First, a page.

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Gabon VP: Morocco’s African Policy ‘Bold and Decisive Move’ Towards Global Economic Equity

Gabonese Vice President Pierre-Calver Maganga Moussavou

Rabat – High level international delegations have started their debates on Africa’s economic potential at the MEDays International Forum.

Morocco‘s new vision for Africa is a bold and decisive move towards more balanced North-South partnership relations,” said Gabonese Vice President Pierre-Calver Maganga Moussavou on Wednesday at the opening ceremony of the 10th MEDays Forum held November 8 to 11 in Tangier.

“Since his accession to the throne, King Mohammed VI has made Africa a priority in the Kingdom’s diplomacy,” Moussavou noted.

Morocco has a clear vision in terms of human development and transfer of expertise and skills, according to a win-win logic,” the Gabonese official said.

The event came a week after King Mohammed VI’s speech dedicated to the continent at the 10th World Policy Conference, which kicked off in Marrakech on Friday, November 3.

The monarch gave further proof that Africa has become central in Morocco’s foreign policy. King Mohammed VI has advocated for a bigger role for Africa on the world stage, expressing confidence that the continent will achieve progress, provided efforts are joined by its children.

“Given the recent developments and the clear progress made by Africa, it is of the utmost importance that our continent be front and center of a redesigned world stage,” said King Mohammed VI.

In its push towards South-South cooperation, Morocco managed to win the trust of many African partners that joint efforts and collaboration will enhance the continent’s social, economic and political development.

“Morocco’s new approach in its relations with the African continent has given a new meaning to a South-South cooperation,” said the Gabonese Vice President.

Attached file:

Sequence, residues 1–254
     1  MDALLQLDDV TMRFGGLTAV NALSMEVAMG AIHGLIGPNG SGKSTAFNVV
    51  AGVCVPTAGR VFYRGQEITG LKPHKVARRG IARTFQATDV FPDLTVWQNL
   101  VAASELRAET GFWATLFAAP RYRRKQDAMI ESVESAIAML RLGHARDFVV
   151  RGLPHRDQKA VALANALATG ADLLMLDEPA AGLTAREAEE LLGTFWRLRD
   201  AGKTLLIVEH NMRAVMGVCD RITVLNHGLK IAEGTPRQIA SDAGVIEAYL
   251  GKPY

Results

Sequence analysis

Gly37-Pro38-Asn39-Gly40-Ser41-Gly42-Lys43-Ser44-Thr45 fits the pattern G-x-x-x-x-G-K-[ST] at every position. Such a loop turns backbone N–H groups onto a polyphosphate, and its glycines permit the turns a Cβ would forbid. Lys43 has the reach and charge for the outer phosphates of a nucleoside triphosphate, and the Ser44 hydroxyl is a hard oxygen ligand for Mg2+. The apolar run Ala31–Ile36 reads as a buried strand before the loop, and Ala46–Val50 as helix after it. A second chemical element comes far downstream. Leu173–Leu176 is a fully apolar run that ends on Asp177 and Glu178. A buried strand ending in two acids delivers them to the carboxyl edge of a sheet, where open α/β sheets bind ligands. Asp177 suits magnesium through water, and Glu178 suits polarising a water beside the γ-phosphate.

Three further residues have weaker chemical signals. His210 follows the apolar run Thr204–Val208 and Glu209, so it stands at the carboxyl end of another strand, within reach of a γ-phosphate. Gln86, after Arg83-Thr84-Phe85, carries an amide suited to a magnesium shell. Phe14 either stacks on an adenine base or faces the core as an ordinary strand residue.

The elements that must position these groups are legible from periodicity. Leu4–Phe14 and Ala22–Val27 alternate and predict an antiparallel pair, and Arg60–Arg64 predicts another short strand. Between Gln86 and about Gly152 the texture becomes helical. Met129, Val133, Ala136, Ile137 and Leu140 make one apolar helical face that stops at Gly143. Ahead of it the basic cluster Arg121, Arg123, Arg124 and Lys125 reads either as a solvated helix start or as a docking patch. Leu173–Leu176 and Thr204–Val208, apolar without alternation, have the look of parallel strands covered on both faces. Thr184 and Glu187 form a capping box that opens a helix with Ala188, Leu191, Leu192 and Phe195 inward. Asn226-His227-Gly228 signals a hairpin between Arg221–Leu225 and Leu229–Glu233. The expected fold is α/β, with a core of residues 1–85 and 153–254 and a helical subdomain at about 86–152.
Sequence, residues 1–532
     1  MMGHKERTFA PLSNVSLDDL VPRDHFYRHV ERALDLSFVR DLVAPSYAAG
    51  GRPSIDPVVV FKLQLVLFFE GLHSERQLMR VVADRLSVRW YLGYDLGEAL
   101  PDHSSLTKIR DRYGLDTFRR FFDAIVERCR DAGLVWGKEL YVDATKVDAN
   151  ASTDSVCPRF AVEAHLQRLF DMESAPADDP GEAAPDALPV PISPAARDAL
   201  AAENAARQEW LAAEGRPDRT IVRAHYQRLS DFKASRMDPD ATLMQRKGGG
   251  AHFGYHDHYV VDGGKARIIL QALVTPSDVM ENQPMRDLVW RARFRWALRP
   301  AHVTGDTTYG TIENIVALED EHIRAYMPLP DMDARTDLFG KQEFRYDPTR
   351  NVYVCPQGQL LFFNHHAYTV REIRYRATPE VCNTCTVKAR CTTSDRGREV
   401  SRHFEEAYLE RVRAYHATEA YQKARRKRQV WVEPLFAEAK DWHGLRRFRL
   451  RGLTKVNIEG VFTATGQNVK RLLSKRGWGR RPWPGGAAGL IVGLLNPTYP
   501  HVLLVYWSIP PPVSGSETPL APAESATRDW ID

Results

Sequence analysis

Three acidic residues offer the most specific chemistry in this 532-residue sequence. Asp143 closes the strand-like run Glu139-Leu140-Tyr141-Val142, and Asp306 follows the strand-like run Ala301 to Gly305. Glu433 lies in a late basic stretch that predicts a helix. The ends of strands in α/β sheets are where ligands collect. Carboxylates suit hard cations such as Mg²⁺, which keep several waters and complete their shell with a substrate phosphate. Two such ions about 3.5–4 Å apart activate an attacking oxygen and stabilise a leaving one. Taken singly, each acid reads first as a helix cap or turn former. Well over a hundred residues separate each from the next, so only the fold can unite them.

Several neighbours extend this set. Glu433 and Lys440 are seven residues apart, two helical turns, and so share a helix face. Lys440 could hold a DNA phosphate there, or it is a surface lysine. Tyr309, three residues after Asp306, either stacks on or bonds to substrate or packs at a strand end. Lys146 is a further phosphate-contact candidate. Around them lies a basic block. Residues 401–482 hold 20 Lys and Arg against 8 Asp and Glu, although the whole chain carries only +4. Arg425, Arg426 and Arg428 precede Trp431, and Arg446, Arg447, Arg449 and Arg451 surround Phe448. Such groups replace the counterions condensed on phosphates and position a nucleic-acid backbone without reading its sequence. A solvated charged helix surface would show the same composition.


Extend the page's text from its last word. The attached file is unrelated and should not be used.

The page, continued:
This cooperation “can promote co-development and move away from conventional practices that have marked North-South relations, without losing [Morocco’s] status as a privileged partner for Europe and the rest of the world,” Moussavou said.

In terms of bilateral cooperation, Maganga Moussavou said that the signed agreements between Morocco and Gabon “will enable his country to benefit from Morocco’s experience in several areas, including housing and income-generating activities.”

Silence the Guns

The African Union (AU) has managed to “silence the guns” over the past three years, Alpha Condé, AU Chairperson and president of the Republic of Guinea, said Wednesday in Tangier.

Nevertheless, though conflicts have decreased, various challenges are pushing Africa away from achieving its objective of silencing the guns by the year 2020, he pointed out at the opening ceremony of the 10th MEDays Forum.

Greater attention is paid now by the international community to the AU’s conflict resolution mechanisms, as evidenced by the G5 Sahel Force, an African initiative hailed by the major powers, including the United States, which has finally agreed to participate in its financing, the AU chairperson noted.

Africa has “the potential to take control of its destiny and achieve its development,” he stressed, noting that Morocco can play an important role in the transformation of the African economy.

In this regard, the AU chairperson commended Morocco’s return to the Pan-African organization.

A Geostrategic Meeting

The Gabonese Vice President said that the MEDays forum has become one of the most important geopolitical and economic events organized in Morocco by a non-governmental structure and has gradually emerged as a geostrategic meeting in Africa and in the Arab world.

Placed under the patronage of King Mohammed VI, the 10th edition of MEDays will discuss the new economic power of Africa, sustainable development, and current geopolitical issues under the theme “From defiance to challenges: the era of major upheavals.”

This year’s forum is expected to host more than 3,000 participants and 150 high-level speakers, including several former heads of state and government, ministers, political decision-makers, business leaders, academics, and representatives of civil society and the media.

The panelists include Dioncounda Traoré, former minister of Mali, Martin Ziguele, former prime minister of Central African Republic, Taieb Baccouche, general secretary of the Arab Maghreb Union, and others.

 

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